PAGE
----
Some scientist predict that the warmer temperatures in the upper Nap Valley may shift south a little, not necessarily meaning hotter hoots, but making a bigger percentage of the valley warmer (2). In this climate model mountaintops will either stay the same or cool slightly due to increased fog. It may be that the state of California overall will be warmer by about 5 degrees Fahrenheit by 2055 to 2075, with 1 5 more days of temperatures over 90 degrees, but with marine influence and the predicted increase in fog, the California model won’t necessarily be the Nap Valley reality (2).
Dry. Snyder, from the university of California at Davis, summarized the results of a study on Nap Valley weather patterns between 191 7 and 2006 and came to the conclusion that from a grower’s standpoint, the weather has actually improved (6). It shows an increase in the average low temperatures for January and also an increase in average high temperatures at harvest time.
But the study shows less risk of extreme rainfall or extreme high or low temperatures today than we had prior to 1 988 (6) The Intergovernmental panel on Climate Change, an international group Of undress of climatologists, has concluded that, even though crop production and yield benefit from increased CO concentration, the benefit realized will be short lived and the increased heat and eventual drought will be devastating to the wine and grape industries (4) My original hypothesis is correct and incorrect. In the short term global warming may be helpful to the wine industry of the Nap Valley.
The increased temperature will have multiple outcomes; warmer weather will initially increase both quality and quantity of the grapes grown in the region. The improved weather patterns ill also be a boost to the tourist industry in the area. However, as the research shows that the long term outlook for the California wine industry may be devastating if the industry does not look to long term solutions. Facing this challenge, scientists and professionals from the wine industry are searching for ways to adapt to the changing climate.
Some areas of scientific work are concentrating on how certain varieties of vines adapt to heat as well as counteracting the devastating effects of strong heat on the taste of the wine, which tends to be too sweet and to have excessive alcohol levels. Other areas of change being looked into are ways to grow grapes under trellis so that they are protected from the sun as well as the types of grapes being grown. Other possibilities are genetic altering as well as cross breeding Of vines between high quality producers and heat tolerate varieties.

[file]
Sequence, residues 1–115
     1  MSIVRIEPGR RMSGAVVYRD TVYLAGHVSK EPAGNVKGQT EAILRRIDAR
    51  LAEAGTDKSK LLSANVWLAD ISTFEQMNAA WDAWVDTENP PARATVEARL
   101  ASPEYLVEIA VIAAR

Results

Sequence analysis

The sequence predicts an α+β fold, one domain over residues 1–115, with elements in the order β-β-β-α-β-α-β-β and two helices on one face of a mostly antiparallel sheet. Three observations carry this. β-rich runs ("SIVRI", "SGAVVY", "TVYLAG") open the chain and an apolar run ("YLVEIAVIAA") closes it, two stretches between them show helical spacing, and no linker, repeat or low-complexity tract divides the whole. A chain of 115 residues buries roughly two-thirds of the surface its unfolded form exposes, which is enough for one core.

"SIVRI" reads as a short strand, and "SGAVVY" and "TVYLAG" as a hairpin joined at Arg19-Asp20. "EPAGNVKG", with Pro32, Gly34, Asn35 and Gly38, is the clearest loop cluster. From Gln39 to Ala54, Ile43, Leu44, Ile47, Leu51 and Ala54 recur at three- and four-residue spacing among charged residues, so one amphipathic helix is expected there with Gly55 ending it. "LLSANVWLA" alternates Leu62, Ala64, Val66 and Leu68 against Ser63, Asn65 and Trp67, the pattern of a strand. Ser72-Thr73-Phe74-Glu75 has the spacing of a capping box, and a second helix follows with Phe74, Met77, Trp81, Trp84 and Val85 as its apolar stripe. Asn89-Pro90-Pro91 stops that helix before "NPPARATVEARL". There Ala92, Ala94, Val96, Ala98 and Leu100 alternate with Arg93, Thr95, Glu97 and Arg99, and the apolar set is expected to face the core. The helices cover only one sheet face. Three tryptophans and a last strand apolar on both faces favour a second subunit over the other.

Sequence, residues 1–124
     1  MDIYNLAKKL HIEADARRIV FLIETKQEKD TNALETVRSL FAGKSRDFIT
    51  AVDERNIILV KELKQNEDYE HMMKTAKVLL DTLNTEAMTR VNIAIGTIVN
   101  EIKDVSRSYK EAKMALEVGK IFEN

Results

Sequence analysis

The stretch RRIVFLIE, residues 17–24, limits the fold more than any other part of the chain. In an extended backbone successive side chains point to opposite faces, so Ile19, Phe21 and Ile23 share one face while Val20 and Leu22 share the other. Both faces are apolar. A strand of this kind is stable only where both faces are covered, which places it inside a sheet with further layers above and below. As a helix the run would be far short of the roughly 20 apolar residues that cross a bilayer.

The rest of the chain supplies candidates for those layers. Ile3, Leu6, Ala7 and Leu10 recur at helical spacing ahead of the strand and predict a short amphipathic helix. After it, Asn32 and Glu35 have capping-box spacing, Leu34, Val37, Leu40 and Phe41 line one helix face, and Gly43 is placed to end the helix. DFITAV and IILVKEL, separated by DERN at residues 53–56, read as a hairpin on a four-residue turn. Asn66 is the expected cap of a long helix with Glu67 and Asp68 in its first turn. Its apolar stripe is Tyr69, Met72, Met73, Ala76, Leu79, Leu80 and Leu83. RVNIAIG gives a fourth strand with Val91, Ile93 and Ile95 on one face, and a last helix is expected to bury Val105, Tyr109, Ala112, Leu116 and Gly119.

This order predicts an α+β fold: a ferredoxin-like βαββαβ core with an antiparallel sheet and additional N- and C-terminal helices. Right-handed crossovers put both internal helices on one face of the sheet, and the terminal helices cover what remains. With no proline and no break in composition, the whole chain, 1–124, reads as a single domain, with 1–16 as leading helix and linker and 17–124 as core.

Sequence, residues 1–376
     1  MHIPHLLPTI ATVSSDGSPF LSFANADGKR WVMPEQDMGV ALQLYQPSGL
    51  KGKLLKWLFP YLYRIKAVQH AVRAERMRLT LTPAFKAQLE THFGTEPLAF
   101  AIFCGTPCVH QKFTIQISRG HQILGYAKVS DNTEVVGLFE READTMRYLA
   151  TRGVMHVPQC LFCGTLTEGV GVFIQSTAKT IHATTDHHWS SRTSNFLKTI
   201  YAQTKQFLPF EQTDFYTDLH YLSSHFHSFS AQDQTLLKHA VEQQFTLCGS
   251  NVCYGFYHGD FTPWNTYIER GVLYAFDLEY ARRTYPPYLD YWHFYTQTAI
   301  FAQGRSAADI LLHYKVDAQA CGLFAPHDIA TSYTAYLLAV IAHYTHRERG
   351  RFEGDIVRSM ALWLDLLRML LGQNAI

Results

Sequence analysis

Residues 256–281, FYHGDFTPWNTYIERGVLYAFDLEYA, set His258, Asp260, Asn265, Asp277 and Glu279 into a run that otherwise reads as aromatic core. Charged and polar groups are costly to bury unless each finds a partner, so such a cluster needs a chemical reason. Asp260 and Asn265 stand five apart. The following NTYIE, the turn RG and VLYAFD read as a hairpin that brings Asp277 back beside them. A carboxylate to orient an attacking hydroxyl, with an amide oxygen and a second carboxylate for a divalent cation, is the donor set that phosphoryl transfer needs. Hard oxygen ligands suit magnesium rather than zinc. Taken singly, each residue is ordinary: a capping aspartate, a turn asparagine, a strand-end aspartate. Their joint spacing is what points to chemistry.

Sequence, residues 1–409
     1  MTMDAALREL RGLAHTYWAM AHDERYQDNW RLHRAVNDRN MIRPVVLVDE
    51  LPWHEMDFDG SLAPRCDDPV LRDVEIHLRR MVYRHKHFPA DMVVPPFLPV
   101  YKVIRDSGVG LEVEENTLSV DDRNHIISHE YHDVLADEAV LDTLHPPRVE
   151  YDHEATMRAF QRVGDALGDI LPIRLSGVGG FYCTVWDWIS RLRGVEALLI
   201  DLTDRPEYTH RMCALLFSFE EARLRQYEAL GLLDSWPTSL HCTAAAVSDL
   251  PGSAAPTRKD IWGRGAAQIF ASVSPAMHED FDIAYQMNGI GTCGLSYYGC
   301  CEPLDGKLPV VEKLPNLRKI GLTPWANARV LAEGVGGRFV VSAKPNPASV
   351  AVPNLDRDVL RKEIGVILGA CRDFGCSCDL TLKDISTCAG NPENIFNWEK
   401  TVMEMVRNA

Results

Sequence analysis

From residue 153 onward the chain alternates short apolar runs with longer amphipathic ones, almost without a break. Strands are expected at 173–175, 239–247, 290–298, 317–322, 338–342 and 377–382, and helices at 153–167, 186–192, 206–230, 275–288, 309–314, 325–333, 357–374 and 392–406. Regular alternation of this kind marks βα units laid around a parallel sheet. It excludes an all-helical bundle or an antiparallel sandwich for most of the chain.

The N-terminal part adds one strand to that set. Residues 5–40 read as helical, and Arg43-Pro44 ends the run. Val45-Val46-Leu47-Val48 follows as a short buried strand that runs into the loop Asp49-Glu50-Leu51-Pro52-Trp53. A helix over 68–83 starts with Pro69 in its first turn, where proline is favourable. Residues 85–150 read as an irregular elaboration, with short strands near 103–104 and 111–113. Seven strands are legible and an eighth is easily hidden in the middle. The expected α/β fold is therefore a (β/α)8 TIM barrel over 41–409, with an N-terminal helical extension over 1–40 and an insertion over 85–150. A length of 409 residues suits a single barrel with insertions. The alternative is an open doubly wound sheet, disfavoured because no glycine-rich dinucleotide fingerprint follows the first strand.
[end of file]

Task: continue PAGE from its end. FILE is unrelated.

Water conservation is a huge issue when the climate heats up and increased irrigation is required. The final outcome of global warming on Nap Valley wine is unclear so if you enjoy a taste from the vine from time to time, now would be a good time to stock your wine cellar and enjoy it while you can. L[pick] I I [pick I [pick Appendix 1 "expected changes in temperature, top photo; precipitation, middle photo; and snow accumulation, bottom photo, for California based on computer projections of the climate response to increasing atmospheric carbon dioxide.
Average June temperatures are higher throughout the state. Total rainfall in March increases in northern California, with little change in the south. And the height of the snowplow at the end of March drops dramatically. Top photo; precipitation, middle photo; and snow accumulation, bottom photo, for California based on computer projections of the climate response to increasing atmospheric carbon dioxide. Average June temperatures are higher throughout the state. Total rainfall in March increases in northern California, with little change in the south.